KNOXVILLE, Tenn. — The large patch of dirt on the corner of Volunteer and Lake Loudoun Boulevards may not be the most obvious sign of progress at the University of Tennessee, but for those familiar with the campus, it's the most noticeable.
It's here on this barren spot where Gibbs Hall—Tennessee's primary residence hall for athletes since 1963—was recently razed along with historic Stokely Athletics Center.
The demolition of the two brick dinosaurs will make way for a new residence hall, dining facility and parking garage, along with adding two more football practice fields.
It's the latest in a long line of recent renovations at Tennessee that has aided coach Butch Jones in his efforts to recruit some of the nation's top players to UT and restore the Volunteers to their traditional perch.
"I think all the things you see around campus is a direct reflection of a vision of what's going on at Tennessee," Jones told Bleacher Report in an exclusive interview. "Everything is about painting that vision. There is so much positive energy and commitment going on here right now, it's exciting.
"It's one of the most exciting times in the history of Tennessee football and the history of the University of Tennessee's entire athletics programs. You're seeing progress. You see strides being made every day."
Walking around campus, it's impossible not to notice the evolving Tennessee brand. Jones' fresh fingerprints are all over the traditional program.
A little way down Lake Loudoun from the Gibbs construction site sits the sparkling new Anderson Training Center, which houses Jones' office as well as all the athletics offices and a state-of-the-art weight room (complete with a full nutrition bar).
A Hail Mary away is Neyland Stadium, which looms archaic but stately on the bank of the Tennessee River. The old girl's metal guts still gleam in the afternoon sun, but a recent face-lift left the historic home of the Volunteers more aesthetically appealing to fans and recruits.
That modern upgrade has been repeated throughout UT's athletic facility enhancements from the past few years. The end is nowhere in sight, either, as an athletic department already lauded by recruits for lavish facilities rushes to catch up (and pass) the nation's top programs.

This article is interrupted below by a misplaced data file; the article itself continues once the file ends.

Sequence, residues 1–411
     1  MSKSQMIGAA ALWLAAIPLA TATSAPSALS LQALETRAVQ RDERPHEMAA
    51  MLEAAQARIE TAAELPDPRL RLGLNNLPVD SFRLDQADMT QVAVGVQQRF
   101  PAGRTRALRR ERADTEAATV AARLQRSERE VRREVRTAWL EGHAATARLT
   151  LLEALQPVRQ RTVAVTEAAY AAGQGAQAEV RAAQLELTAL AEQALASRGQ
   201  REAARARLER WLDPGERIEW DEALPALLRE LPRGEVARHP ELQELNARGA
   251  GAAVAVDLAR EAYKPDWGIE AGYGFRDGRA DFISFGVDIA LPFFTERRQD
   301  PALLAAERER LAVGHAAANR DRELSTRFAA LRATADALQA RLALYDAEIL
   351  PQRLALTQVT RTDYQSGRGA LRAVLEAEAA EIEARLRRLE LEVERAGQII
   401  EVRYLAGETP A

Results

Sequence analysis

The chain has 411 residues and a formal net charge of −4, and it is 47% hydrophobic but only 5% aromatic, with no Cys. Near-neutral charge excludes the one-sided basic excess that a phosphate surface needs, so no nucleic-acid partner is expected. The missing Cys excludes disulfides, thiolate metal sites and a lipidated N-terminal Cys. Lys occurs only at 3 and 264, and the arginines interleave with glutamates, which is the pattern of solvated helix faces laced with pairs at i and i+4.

The enhancements around Tennessee are certainly noticeable to recruits.
"It was my first real big place to visit, and growing up a UT fan, walking into the training center—they'd just built it—I was in awe, really," said UT 4-star offensive line commit Jack Jones. "I was like, 'Dang.' And they're still adding on and getting better stuff. It's awesome.
"The facilities are second-to-none. Obviously, in the SEC, everybody is going to come out with something new every year, but the past few years, Tennessee has done a good job of staying up with the times. I'm excited to just get up there and break in the new facilities a little bit."
Andrew Butcher, a four-star defensive end, said UT's facilities were "head and shoulders" better than any of the schools he'd visited, which includes Georgia, Clemson, Vanderbilt and Auburn.
To hear the buzz around Tennessee these days is impressive considering the bleakness that permeated the program during the Derek Dooley tenure.
UT has not only been in the midst of a major down cycle that has been low-lighted by four consecutive losing seasons, but the athletic department has also struggled across the board.
The department is finally on its way up from a budget crisis that has seen its reserve fund drop to one of the lowest in the SEC at "well below $5 million," according to VolQuest's John Brice (subscription required).
Also, an Academic Progress Rate grade that had UT's football program in real danger of major NCAA penalties boasted a school-record score of 962 in the 2012-13 year, according to The Associated Press.
Jones said he has felt "zero hindrances" in recruiting from the APR or the budget issues. He called the one-year APR improvement "the greatest victory in the history of Tennessee football." Part of the progress in that area was getting athletic control of tutoring and recommitting to that area by making some personnel changes.
Prior academic issues have turned to progress, and yet another selling point for Jones.
"It just shows all the hard work is paying off in the classroom," Butcher said, "and it will on the field very soon—competing for SEC championships again."
That's Jones' plan. As he speaks, UT is putting the finishing touches on a state-of-the-art studio that will be available for the SEC's new television network. It's yet another of the major innovations Tennessee has been on the front end of as it moves into what it hopes is a more lucrative era.
In the near future, UT hopes to return to the success of its past. It's no coincidence that by 2016, the new dormitory and expanded outdoor football practice facility expansion are expected to be completed. That's also when the football team should be ready to start competing for championships again.
And Jones' pitch will only be strengthened by the shiny facilities surrounding him.
"We're working to get Tennessee back to its rightful place among the elite of college football every day," Jones said. "You look at the new dormitories, the new residential halls being developed, the Anderson Training Center, the new practice fields. There's progress being made each and every day. We have great people in place that are totally aligned, have the vision, same energy, same passion to be at Tennessee. And we have a great product to sell.
"It's an exciting time. I know our players feel it, and our prospective student-athletes—our recruits—feel that energy. We know it’s just a matter of time."
All recruiting rankings and statistics courtesy of 247Sports.
Brad Shepard is the Tennessee Lead Writer for Bleacher Report. All quotes were obtained firsthand unless otherwise noted. Follow Brad on Twitter here:
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